Often, when I am reading, I will come across assorted quotes that just hit me in the heart. It doesn’t matter if it is a book I’ve reread a million times or not. And yes, I reread books all the time.
Why? Because you are never the same person from moment to moment, let alone from day to day or year to year. So, when you reread a certain book — particularly if it is a book or series in which the author has made his or her characters LIVE and BREATHE — it can have an entirely different impact on you than it did the first (or even the tenth) time you read it.
I have probably reread the Vorkosigan saga at least a good twenty (20) times. Sometimes I’m struck by the choices of the main character (Miles Naismith Vorkosigan), sometimes by his father’s choices (Aral Vorkosigan), sometimes by how his mother (Cordelia Naismith Vorkosigan) not only thinks but acts.
No matter who strikes me the most at each rereading, it is the very essence of living by one’s principles that is overall what this series is about. A particular character can abandon his or her principles, but even then in the series they are offered ways to redeem those principles and regain their honor and integrity. Much like real life.
You see, I don’t believe that turning your back on your principles is the end of the line. Oh, you may feel monstrous. You may feel as if you don’t deserve forgiveness or the chance to make amends. But, until the moment you die, you still have the opportunity to choose to live by your principles.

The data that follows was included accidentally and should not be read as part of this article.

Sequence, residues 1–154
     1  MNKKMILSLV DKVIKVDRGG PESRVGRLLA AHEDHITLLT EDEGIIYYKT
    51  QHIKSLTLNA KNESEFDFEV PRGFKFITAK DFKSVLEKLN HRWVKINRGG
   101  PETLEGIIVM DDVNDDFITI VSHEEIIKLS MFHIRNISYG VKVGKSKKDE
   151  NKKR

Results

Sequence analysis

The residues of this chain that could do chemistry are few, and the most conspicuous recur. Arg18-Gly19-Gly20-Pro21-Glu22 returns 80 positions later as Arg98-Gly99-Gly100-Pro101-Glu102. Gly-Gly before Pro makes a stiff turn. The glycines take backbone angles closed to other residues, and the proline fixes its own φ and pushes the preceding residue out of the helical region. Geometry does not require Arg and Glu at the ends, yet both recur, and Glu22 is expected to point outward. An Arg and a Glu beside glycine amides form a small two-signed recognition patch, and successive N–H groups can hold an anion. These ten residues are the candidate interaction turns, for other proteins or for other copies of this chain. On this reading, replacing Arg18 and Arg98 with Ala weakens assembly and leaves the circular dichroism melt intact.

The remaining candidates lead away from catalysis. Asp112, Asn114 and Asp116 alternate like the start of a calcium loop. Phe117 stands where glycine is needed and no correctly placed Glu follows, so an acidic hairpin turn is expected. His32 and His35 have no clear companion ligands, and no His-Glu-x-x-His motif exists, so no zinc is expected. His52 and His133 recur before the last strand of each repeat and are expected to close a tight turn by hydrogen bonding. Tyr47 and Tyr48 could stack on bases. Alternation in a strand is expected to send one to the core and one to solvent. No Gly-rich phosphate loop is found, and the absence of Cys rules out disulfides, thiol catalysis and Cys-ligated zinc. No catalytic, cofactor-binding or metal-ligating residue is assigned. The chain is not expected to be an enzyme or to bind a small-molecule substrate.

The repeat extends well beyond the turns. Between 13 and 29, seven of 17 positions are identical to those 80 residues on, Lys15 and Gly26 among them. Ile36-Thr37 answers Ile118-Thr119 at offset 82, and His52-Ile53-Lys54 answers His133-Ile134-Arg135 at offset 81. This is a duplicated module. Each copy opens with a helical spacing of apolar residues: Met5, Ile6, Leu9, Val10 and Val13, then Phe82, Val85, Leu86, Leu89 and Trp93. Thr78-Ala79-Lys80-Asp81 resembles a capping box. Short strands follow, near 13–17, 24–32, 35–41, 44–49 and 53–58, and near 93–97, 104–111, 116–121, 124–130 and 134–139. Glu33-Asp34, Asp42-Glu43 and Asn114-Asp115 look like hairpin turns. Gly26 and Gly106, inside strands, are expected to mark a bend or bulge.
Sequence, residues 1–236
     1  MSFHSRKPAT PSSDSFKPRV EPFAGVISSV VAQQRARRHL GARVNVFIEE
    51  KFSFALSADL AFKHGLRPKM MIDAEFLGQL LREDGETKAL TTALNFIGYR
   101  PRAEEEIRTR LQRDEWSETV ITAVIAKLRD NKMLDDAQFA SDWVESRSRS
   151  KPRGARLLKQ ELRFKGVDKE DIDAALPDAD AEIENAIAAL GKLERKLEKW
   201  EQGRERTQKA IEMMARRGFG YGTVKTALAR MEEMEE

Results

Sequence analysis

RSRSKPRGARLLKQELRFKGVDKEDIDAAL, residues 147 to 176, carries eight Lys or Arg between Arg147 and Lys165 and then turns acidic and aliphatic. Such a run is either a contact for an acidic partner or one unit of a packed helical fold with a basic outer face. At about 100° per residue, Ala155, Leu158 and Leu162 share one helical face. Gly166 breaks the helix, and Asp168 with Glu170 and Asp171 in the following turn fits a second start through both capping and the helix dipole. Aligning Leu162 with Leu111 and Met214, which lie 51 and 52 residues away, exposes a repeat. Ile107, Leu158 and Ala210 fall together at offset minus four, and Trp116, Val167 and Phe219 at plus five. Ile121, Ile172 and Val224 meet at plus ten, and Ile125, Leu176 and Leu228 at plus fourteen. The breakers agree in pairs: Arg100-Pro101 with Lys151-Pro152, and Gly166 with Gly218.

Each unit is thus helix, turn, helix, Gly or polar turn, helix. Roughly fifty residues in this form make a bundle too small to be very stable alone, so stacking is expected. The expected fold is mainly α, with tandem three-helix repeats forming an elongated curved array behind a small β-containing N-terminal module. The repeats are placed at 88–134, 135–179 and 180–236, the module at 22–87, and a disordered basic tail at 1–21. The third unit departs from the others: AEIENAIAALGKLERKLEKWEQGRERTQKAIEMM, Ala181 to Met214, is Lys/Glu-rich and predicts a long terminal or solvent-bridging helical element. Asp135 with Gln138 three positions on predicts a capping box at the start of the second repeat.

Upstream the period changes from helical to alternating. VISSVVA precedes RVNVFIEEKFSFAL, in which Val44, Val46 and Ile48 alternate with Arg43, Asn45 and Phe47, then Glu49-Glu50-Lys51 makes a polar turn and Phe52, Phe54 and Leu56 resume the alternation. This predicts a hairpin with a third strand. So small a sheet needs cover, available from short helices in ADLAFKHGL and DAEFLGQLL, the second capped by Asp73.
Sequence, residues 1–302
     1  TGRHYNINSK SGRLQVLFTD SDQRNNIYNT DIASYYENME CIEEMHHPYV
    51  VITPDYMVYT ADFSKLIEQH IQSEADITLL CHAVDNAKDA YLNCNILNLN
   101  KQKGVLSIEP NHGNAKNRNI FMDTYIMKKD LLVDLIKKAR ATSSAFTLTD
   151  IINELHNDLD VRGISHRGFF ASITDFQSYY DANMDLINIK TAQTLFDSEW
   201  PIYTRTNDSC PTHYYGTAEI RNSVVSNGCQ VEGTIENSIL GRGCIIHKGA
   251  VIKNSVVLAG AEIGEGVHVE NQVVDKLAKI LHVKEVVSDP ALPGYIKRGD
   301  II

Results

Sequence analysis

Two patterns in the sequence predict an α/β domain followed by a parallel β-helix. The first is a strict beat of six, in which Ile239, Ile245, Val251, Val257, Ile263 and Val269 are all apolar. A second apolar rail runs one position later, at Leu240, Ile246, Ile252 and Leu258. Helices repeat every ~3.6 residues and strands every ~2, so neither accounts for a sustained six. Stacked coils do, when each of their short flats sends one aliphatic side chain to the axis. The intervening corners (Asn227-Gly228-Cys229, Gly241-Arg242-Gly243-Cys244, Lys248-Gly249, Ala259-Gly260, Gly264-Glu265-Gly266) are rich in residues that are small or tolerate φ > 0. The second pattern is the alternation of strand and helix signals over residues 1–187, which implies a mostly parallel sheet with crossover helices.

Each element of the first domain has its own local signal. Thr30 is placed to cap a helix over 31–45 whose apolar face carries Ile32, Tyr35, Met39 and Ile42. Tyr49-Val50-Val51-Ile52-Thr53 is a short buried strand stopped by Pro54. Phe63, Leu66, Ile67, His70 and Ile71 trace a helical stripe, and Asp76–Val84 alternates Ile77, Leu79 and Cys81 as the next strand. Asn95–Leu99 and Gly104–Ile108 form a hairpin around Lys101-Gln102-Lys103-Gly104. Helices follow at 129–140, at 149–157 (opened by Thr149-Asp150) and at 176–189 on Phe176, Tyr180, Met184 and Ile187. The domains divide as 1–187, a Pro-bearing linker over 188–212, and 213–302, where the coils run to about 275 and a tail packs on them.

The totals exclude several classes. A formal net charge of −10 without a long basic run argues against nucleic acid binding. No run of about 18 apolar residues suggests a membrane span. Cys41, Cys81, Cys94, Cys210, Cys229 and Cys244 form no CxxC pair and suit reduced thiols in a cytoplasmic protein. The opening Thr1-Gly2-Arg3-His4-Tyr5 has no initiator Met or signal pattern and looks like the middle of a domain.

Often in my marriage, I made the bad choice to turn my back on some of my principles. Not all of them, because at my most simple, some of those principles are a foundation of who the hell I am.
And, yes, I felt monstrous for it. I felt like I had dragged myself, my honor and my integrity through the mud. What’s worse for me, is that in some cases my ex would reward me emotionally for turning my back on yet another principle. I don’t know what was the point at which it went too far, and reminded me I truly needed to recover them. I don’t even know if there was a singular point.
I do know that it essentially came down to losing those last foundational principles and thereby losing my core self, or losing my ex. And it took three months of very emotional soul searching to even consider the option of divorce.
But, if I really look at it the quote Miles makes in this book makes utter sense. The choice I really made came down to this one last piece. I could not trade my heart for what — at that moment in my life — was my heart’s desire.
Now, as I am rebuilding my life and my self, I will hopefully rebuild a new heart’s desire. Realizing a heart’s desire is much like finding your purpose in life. It is amorphous at times, because things like this can only truly develop day by day. You really can’t see what your life’s purpose is except in hindsight. And when you finally understand it, it has become comfortable and essentially “normal” to you. It’s something you do, because it is who you are not because you want someone else’s approval.